WASHINGTON — Chief of Naval Operations Adm. Mike Gilday mused about a day when the U.S. Navy might be able to buy a dozen or more ships each year. The Navy would be given the funding levels, and the surface ship industrial base would have grown the capacity, to support building three destroyers a year, two or three frigates a year, an amphibious transport dock every other year, and a larger number of supply ships.
But as he made clear in his remarks this week, that day is not today.
The service continues to limit its spending request and its long-term fleet development plans based on expected funding levels and the current industrial base capacity, leading to a fleet size that Gilday said “nobody likes.”
The Navy’s fiscal 2023 request asks for nine new ships and sets the fleet on a path to decline from 298 ships today to 280 in 2027. A 30-year shipbuilding plan released April 20 lays out three paths — and the route based on continuing current funding levels only gets the Navy to a fleet of about 320 ships by 2045, compared to the congressionally mandated 355 ships.
“That’s not to say that we’re not fighting for money for more capacity. But when we took a look at the top line that we had for ‘23 … our bumper sticker was ‘We’re not going to have a Navy bigger than we can sustain,’ ” Gilday said April 28 at a virtual event co-hosted by the Center for Strategic and International Studies and the U.S. Naval Institute, both private organizations.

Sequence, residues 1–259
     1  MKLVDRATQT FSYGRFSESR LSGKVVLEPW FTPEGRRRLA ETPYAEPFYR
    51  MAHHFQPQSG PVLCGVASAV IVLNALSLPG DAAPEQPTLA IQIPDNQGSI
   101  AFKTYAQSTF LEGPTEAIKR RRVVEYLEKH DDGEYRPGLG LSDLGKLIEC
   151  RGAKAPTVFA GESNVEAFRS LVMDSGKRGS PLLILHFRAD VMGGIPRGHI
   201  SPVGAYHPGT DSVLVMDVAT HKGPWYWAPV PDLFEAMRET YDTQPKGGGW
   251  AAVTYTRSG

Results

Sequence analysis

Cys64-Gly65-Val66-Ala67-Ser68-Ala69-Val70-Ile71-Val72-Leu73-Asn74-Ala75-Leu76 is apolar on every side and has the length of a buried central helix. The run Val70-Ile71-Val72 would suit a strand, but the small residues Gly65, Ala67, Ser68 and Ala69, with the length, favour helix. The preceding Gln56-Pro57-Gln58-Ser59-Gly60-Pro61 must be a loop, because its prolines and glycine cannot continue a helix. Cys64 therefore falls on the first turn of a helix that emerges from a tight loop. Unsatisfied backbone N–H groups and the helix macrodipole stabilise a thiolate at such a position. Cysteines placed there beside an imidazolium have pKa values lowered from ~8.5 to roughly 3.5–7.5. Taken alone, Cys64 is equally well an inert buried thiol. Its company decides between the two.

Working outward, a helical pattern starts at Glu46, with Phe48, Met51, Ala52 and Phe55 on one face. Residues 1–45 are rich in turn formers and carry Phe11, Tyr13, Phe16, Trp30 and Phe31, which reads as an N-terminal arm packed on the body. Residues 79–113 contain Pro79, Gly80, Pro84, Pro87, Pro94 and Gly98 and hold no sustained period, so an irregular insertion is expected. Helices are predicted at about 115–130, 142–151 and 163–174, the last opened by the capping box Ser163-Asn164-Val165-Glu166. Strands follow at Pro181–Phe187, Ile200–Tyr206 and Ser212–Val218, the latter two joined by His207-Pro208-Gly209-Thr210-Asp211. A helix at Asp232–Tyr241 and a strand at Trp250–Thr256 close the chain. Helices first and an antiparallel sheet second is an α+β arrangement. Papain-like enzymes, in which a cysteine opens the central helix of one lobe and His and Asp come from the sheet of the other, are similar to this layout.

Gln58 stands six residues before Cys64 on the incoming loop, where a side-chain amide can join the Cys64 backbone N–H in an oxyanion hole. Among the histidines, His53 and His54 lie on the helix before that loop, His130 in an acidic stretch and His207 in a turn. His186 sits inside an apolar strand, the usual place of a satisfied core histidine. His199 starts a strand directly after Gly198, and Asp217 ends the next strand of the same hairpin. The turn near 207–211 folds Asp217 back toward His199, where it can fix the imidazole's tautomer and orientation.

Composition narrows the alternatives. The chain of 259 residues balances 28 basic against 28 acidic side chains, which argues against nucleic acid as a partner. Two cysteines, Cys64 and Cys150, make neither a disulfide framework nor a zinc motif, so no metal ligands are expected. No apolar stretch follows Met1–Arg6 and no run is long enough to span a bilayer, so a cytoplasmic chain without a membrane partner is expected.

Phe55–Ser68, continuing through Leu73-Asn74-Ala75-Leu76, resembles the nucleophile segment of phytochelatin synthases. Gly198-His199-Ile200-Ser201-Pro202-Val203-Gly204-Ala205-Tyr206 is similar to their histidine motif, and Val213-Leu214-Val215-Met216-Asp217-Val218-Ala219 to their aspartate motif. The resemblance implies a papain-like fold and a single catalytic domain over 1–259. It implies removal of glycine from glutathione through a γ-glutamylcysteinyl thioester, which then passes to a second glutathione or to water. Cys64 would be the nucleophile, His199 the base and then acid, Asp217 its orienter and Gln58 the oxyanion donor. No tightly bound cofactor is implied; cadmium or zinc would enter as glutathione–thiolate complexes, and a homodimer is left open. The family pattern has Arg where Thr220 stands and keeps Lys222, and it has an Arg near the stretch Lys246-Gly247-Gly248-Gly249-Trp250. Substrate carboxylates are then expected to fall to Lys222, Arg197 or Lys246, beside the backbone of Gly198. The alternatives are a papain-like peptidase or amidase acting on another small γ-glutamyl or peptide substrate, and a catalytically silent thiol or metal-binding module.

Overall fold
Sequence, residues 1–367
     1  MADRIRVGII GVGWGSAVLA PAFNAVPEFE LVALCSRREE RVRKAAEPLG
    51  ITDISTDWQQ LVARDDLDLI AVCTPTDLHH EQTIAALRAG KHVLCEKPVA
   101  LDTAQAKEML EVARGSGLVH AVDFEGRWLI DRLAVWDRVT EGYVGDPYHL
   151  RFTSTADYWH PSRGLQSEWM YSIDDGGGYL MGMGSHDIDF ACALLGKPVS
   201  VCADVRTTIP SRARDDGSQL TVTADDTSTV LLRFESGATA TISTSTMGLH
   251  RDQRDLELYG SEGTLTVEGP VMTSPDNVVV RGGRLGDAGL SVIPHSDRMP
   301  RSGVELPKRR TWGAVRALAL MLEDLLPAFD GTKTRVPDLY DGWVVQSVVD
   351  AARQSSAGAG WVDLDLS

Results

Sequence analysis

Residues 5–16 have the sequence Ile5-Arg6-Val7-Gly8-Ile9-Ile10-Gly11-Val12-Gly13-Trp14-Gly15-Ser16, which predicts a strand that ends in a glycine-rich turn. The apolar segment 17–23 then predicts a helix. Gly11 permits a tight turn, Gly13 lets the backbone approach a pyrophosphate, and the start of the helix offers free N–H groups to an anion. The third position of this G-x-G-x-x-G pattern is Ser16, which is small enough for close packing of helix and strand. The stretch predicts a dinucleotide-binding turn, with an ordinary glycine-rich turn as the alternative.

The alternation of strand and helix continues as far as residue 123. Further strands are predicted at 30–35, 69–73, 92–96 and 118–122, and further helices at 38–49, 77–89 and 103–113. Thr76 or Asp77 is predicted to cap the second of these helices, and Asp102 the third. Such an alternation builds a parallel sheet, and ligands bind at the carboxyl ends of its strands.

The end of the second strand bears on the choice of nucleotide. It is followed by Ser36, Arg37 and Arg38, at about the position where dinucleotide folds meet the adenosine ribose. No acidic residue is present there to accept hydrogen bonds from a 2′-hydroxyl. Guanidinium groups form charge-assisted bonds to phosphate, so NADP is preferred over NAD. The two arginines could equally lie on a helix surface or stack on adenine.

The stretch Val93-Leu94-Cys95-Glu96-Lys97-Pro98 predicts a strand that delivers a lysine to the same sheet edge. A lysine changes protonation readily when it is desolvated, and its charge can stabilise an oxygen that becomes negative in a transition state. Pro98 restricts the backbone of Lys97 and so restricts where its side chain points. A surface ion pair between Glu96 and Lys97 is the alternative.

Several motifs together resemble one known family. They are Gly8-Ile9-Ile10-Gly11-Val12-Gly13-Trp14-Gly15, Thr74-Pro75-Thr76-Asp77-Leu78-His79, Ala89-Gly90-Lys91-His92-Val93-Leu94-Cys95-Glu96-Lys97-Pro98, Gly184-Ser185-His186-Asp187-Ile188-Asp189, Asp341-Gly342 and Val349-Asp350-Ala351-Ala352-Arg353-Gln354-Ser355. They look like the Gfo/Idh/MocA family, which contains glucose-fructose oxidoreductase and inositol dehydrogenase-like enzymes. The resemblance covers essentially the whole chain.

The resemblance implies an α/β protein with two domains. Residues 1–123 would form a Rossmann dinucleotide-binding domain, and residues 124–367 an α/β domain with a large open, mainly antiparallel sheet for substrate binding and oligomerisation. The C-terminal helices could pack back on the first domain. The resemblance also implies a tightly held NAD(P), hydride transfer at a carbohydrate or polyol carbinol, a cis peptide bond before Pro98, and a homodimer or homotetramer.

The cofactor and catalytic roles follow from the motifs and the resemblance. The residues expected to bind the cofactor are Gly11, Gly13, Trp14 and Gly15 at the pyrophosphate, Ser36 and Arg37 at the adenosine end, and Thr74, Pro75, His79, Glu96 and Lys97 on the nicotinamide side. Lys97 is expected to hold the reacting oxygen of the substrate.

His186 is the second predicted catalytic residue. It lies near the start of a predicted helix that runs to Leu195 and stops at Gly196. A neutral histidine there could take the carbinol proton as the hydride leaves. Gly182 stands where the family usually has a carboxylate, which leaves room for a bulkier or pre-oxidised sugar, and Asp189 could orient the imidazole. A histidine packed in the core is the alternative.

Certainly decommissionings are contributing to the decline in fleet size. Gilday said each ship was evaluated on its ability to contribute to a high-end fight against China, with those not making the cut proposed for early decommissioning so the Navy can reinvest money toward missiles and technology to make the fleet more lethal within in the next five years.
In the end, the Navy proposed decommissioning all its Freedom-variant littoral combat ships, its eight- and nine-year-old expeditionary transfer docks, four of its amphibious dock landing ships, and one Ticonderoga-class cruiser not yet at the end of its planned service life.
“That will be a debate, and it ought to be a debate on the Hill with respect to: if all of those ships retire, when they might retire, what might be bought back should DoD get a higher top line, should it be those ships, should it be another capability within the Department of Defense,” Gilday said.
“Nobody likes the numbers with respect to capacity,” he acknowledged in response to congressional feedback on his budget proposal, “but they know that if we flip that model and we make capacity king, we’re going to have to pay for those ships somehow, and it’s going to come out of manpower, ammunition.”